This text is still a draft.
The social dynamics taking place on Twitter make it a key platform for the dissemination of information. Not for the reach or even the conversations, but for the simple fact that key people are there. Twitter is not the platform with the largest number of users, nor does it have the most traffic, but what happens there reverberates a lot.
In its current configuration, Twitter as a platform serves as the perfect space for the manipulation of speech with the ability of different parts to use it with larges number of robots to boost specific hashtags that end up guiding mass media. Hence, the subject falls into people’s conversations and for those interested, it is enough to reap the results.
Last week I participated in a TV show called PANORAMA, on TV ALMG, where we talked about the acquisition of Twitter by Elon Musk and the possible paths of the platform.
The video is in brazilian portuguese.
I found it interesting that Elon Musk’s list of proposals for Twitter includes the individual validation of users. The initiative is controversial because, depending on how it is implemented, having this potentially harmful side effect, it can put people in a situation of persecution by authoritarian governments. But there are ways to operationalize this without having this potentially harmful externality. Anyway, I understand that one-on-one validation can be interesting because it has the potential to wipe out fake accounts and robots from the platform. This will be of great help in the process of mitigating the spread of disinformation.
As Twitter currently operates based on the sale of advertising spaces, the existence of fake accounts and robots helps the company by inflating the number of users on the platform. This helps them on selling ads that end up in users’ feeds. It also happens that, anchoring its revenue in the sale of advertising space, Twitter has to algorithmically manipulate feeds, forcing brands to pay in order to reach their audiences.
This is my biggest annoyance with the platform in its current setup. The organic reach of posts is always a fraction of their potential. Let’s say… if a profile has 100 followers on the platform and posts a message, only a part (according to research I did a few years ago, the average was 37%) of your followers will see the post in their feeds. I find this quite counterproductive in terms of system and usefulness for people. However, this is a format that pleases the platform well, as it generates demand for profiles that commercially explore their presence there and end up paying for boosting.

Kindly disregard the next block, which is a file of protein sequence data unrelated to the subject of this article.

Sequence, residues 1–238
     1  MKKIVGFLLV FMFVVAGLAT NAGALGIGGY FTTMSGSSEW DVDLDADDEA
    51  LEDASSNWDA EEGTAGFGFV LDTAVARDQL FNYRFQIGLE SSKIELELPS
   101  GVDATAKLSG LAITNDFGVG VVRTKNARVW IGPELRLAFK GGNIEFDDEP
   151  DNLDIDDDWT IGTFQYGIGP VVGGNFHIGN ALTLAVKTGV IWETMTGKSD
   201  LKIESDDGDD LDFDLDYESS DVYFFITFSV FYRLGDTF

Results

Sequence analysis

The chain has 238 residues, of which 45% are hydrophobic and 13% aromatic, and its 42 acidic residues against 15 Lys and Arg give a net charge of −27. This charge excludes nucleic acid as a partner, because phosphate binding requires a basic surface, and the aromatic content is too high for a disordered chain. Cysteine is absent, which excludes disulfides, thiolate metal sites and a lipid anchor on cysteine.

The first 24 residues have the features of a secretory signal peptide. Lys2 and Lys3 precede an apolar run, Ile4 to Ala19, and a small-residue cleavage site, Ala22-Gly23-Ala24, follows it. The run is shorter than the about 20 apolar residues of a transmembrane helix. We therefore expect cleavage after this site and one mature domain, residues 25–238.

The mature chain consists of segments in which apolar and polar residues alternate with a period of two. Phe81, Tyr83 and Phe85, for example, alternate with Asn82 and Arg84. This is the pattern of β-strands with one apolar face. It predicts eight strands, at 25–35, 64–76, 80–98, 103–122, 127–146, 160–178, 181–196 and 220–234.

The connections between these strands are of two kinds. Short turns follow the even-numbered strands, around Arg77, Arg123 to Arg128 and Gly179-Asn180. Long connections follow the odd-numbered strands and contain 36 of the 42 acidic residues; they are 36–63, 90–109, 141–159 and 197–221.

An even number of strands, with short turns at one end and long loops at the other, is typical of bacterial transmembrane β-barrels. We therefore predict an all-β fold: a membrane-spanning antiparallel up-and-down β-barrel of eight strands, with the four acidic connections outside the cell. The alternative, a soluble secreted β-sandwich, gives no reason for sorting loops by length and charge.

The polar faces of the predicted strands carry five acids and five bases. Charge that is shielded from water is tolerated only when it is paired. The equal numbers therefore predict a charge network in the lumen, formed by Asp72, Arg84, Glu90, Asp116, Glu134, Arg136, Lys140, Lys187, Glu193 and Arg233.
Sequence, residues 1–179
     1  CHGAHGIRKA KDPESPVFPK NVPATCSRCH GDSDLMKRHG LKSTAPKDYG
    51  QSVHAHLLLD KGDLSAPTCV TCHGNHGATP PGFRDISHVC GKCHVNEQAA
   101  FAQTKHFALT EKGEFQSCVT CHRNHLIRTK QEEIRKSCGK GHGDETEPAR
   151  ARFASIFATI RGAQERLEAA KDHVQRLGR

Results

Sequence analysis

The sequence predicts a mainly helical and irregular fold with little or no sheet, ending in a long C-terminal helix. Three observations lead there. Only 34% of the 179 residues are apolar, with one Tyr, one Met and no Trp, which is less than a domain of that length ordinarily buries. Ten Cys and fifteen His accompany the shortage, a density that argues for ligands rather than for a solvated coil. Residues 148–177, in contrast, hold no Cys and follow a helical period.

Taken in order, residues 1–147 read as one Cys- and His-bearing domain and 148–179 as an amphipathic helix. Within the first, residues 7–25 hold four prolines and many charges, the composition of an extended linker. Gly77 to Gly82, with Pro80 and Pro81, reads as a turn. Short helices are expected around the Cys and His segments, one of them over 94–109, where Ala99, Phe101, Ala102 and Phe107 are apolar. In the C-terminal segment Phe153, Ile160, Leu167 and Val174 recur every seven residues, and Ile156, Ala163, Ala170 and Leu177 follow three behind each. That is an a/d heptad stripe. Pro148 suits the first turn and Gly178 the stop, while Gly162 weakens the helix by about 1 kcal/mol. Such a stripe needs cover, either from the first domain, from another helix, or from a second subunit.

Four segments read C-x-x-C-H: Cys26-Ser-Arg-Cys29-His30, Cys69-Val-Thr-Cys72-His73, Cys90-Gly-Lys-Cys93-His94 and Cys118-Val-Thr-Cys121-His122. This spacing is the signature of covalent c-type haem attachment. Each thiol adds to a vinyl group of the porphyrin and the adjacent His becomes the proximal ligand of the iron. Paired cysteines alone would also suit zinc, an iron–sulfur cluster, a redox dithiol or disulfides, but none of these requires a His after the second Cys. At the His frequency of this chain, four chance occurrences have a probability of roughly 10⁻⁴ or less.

To get an idea of this challenge related to the messages reach on Twitter, let’s look at a practical case. I posted the video of my participation in the TV show on different platforms. Below, a brief report of how these posts performed (taking reach into account) in different platforms.
Although my quick effort here did not account for the number of views that the post had on Instagram and Facebook (these platforms do not provide this data directly in their applications) it is possible to see from the number of reactions (likes) that the reach was far greater than what I had on Twitter.
In other words: for a message to reach a large number of people on Twitter, it is necessary that key people see this post and decide to reverberate it with likes, comments or shares. We return to the issue of social networking, which is the need to be well connected on the platform. It is not enough to have a large number of followers. You need to have the right Twitter followers.
On the other hand, on the perspective of those on the platform to consume information, this dynamic is really bad, as users choose to follow profiles interested in the content they publish. As the platform does not show everything to them, there is a bottleneck issue related to not viewed content that is not being resolved.
Due to this limitation, I understand that platforms that provide higher organic reach can be more effective. In that vein, I understand that Mastodon has all the potential to solve this. At Mastodon we have full organic reach (ie: your effective organic reach is equal to your potential reach). In other words, everything you post will be shown in the feeds of those who follow you. This makes this platform truly what Elon Musk argues Twitter is: the public arena of discussion.
In terms of platform design and potential Mastodon is a far superior platform. Instance administrators can work on content moderation and even handle the connection (or not) with other servers. This makes content-specific restrictions by type or profile operational. Anyway. It’s a dynamic that has really interesting potential and I invite you to check it out.